Tips For Bringing Your Child To Work
Whether you’re entering a new chapter of your life in which you’ll be bringing your child to work every day for months, or you’re just bringing your child along for a day or two, there are a few tips that will help this transaction go more smoothly for both you and your little one. You might be worried that you won’t get enough work done, because your child will distract you. Or you could worry that you will get plenty of work done, but because you neglect your child. You also probably have some concerns about your child aggravating some of your coworkers, playing with things he isn’t supposed to, and making a mess. A workplace isn’t generally a child-friendly environment, nor is a child really suited to be around grownups trying to focus, but you can rig things. Here are tips for bringing your child to work.
Look for hazards
Before bringing your child to work, walk around your office and look for hazards. These could range from rooms full of sharp office supplies or toxic cleaning products, heavy swinging doors, and unprotected staircases. You’ll need to child-proof the office, just like you would your home.
Designate a place for him to hang out
Designate an area that can be your child’s play area. Your kid just wants to feel like he has a place where he is allowed to be, and doesn’t need to worry about his behavior. It doesn’t have to be big—it could be one corner of your cubicle or one couch.
Let your coworkers know in advance
Don’t take your coworkers by surprise. More often than not, your coworkers will be fine with your bringing your child to work if you simply run it by them, first. In fact, having a child around can be a refreshing change for some colleagues. But people don’t like to feel like you just assumed you could bring your child, without asking.
Bring things to help him nap
Naptime is a working parent’s savior. So bring your child’s favorite relaxing music and headphones, his blanket, his stuffed animal, and possibly his portable toddler bed if you have a little one.
Bring his (quiet) toys
Bring plenty of entertainment. Just make sure you don’t pack the toys that make a lot of noise. Coloring books and interactive games are great. And, obviously, if your child has homework, pack that.
Hang near a coworker you know likes kids
If you can, work near a co-worker who you know likes kids or even has kids. The sound of a child giggling and asking questions can be a nuisance to some people, but music to the ears of others.
Ask about special events/busy days
Ask your boss if there will be any days when the office will be a particularly hectic place, and hire a babysitter for those days. Your boss won’t think to tell you about these on her own, because she isn’t looking at the work schedule from the eyes of a mother.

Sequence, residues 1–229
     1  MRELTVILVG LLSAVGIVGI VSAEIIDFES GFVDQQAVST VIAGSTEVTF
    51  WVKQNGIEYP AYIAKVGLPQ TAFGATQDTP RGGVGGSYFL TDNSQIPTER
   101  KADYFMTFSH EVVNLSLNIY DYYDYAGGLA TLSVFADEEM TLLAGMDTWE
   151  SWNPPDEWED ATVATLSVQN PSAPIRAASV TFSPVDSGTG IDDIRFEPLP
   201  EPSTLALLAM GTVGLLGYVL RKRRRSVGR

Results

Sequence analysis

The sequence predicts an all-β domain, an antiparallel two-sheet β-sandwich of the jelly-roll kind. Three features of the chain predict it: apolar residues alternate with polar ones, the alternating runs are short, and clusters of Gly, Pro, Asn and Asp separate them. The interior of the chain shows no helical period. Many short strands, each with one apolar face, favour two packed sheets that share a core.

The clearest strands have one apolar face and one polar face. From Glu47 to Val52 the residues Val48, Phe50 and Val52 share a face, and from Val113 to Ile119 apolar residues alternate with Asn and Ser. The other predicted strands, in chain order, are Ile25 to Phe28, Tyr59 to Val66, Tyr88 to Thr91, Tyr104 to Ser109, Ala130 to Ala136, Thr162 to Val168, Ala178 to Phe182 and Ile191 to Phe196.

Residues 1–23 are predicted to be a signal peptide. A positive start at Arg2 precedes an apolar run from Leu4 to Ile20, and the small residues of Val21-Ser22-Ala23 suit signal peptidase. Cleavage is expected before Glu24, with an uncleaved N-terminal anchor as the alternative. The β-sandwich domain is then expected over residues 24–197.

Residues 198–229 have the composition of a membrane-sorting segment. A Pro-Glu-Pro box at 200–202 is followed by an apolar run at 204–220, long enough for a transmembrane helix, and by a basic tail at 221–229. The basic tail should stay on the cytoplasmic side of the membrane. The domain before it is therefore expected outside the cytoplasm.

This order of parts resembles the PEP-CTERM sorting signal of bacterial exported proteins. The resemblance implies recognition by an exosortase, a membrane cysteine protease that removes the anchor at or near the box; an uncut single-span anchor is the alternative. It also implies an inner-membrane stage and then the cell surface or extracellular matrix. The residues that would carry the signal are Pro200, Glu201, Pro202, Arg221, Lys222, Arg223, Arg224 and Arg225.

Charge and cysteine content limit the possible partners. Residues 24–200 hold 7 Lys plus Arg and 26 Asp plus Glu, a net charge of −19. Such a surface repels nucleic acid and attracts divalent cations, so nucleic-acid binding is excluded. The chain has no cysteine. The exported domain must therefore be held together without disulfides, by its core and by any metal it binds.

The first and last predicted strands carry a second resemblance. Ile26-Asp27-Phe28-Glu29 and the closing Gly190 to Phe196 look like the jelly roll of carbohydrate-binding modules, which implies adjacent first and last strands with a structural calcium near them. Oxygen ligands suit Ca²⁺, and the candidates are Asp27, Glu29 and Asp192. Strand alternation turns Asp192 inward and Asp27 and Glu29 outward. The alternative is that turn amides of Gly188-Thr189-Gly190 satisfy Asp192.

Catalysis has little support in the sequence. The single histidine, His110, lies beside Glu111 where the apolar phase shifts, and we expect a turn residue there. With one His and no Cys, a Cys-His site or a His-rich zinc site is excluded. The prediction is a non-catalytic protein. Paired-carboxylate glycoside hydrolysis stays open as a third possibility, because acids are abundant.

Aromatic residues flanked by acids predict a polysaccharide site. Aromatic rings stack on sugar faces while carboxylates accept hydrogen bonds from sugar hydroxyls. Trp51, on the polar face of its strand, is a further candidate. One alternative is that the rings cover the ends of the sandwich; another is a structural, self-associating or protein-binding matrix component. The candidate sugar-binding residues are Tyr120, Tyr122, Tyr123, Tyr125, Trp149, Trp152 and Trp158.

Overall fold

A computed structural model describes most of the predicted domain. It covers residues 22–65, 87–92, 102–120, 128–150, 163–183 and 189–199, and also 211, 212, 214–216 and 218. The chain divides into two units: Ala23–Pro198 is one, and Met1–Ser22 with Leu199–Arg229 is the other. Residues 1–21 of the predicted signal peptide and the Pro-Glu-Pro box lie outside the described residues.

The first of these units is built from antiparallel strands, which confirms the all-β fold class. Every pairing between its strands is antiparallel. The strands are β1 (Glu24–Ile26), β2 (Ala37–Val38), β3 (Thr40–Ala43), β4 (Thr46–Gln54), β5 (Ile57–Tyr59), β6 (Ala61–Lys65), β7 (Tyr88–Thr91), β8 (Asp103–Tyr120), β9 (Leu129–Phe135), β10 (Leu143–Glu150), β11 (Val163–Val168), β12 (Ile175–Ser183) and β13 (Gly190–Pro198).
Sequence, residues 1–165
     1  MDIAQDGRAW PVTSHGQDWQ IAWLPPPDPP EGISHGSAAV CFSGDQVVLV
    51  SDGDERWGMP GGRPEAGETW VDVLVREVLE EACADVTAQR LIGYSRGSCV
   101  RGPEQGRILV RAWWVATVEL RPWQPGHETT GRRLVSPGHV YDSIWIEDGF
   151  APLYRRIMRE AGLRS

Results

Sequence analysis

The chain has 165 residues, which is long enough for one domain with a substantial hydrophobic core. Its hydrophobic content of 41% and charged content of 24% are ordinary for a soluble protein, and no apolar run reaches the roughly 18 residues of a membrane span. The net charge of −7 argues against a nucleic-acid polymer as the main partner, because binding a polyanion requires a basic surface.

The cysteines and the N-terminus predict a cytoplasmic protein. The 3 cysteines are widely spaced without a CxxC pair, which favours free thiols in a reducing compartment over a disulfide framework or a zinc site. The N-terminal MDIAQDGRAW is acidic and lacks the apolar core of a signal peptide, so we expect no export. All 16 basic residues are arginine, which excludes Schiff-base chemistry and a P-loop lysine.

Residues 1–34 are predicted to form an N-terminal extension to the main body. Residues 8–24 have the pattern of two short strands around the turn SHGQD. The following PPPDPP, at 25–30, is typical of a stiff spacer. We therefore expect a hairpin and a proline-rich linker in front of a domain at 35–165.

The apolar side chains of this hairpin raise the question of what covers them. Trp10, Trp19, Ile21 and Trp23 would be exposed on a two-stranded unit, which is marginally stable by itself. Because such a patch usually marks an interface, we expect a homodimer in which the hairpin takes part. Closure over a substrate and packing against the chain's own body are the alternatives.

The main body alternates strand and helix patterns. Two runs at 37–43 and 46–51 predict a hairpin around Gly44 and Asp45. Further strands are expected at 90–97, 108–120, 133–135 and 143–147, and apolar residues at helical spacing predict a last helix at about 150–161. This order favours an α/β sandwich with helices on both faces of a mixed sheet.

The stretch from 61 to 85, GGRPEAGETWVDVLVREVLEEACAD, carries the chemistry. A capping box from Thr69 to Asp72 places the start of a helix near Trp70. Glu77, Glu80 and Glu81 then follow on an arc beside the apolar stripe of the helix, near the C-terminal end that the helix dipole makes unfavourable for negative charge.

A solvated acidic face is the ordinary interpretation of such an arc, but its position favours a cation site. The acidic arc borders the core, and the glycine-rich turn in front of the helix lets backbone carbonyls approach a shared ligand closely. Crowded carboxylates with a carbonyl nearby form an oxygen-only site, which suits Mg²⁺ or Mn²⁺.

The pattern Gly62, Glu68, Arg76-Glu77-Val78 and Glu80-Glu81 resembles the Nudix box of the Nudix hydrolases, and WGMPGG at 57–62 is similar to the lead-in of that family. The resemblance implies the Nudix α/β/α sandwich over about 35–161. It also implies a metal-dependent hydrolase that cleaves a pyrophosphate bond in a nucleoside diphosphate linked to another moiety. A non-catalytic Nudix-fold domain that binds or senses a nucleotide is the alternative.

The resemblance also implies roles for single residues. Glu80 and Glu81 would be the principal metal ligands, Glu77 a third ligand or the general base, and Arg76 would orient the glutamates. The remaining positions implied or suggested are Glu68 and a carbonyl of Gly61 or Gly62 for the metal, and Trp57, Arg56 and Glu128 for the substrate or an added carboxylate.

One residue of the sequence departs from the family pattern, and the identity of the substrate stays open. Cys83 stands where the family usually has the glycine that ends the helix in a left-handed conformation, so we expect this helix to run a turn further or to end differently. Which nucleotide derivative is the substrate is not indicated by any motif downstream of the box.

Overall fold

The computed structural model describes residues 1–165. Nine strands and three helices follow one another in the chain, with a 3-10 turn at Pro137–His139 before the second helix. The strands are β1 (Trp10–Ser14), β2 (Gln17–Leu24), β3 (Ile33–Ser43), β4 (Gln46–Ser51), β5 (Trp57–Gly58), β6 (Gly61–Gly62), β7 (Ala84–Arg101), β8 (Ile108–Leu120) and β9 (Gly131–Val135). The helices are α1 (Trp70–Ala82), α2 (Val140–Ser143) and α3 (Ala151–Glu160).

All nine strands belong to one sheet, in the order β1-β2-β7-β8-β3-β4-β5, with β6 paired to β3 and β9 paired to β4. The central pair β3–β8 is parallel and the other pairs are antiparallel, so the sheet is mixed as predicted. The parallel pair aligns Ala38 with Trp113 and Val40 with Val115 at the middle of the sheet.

Try to work somewhere private
If you can secure a quiet, private space to work, do so. The less your child can see happening in the workplace, the less likely he’ll be to wander off and get into trouble. See if there will be any unused conference rooms on the days you’ll have your child with you.
Get your little one to help
Children like to feel like they’re of use, and they love copying grownups. So ask your child to help with some safe tasks, like organizing papers or wiping down desks. Offer him a little reward for doing this. Your colleagues will be happy that your child is there if he’s emptying their trash bins.
Schedule calls/meetings during naptime
Schedule calls, meetings, or any other activities that require you to talk to your colleagues, during your child’s nap time. It’s okay if your kid interrupts you when you’re just working on your computer, but he shouldn’t interrupt you when you’re in a meeting.
Bring his comfort items
Kids like routine and familiar surroundings, so pack your child’s comfort items. Bring the little rug from his bedroom, maybe his beanbag chair, or even some of the paintings from his room.
Tell him when he can have your attention
Let your child know that in 15 minutes, or 25 minutes, he can have your attention. Often children just become anxious because they just don’t know when they can get your attention again.
Bring a Tablet
A tablet is a life saver. If you’ve needed a reason to invest in one, now is the time. You can preload your child’s favorite TV shows, movies, games, and music. A child can get lost in a tablet for hours.
Take him for walks
Your child isn’t used to being indoors all day like you are, so take him for walks periodically throughout the day. If you bring his bicycle, roller skates or scooter, he can get out some energy during your lunch break.
Help the other parents
Team up with the other parents at work. Start an email thread, notifying each other of who has meetings and needs help from the other parents. Coordinate who is bringing what toys and snacks. You can have each other’s backs, so you don’t’ bother the other coworkers.